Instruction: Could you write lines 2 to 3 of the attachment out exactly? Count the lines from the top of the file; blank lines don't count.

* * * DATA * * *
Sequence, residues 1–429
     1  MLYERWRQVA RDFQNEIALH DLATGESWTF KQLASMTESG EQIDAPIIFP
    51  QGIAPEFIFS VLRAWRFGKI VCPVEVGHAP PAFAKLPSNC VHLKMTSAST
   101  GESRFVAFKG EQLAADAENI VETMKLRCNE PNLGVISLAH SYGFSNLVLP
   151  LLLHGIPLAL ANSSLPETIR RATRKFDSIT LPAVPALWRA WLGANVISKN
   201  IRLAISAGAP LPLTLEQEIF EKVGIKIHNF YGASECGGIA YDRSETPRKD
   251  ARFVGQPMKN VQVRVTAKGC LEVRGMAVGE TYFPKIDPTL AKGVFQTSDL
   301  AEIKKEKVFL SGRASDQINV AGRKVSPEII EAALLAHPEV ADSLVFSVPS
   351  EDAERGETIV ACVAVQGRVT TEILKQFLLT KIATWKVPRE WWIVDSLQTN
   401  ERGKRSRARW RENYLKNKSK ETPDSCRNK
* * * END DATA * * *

     1  MLYERWRQVA RDFQNEIALH DLATGESWTF KQLASMTESG EQIDAPIIFP
    51  QGIAPEFIFS VLRAWRFGKI VCPVEVGHAP PAFAKLPSNC VHLKMTSAST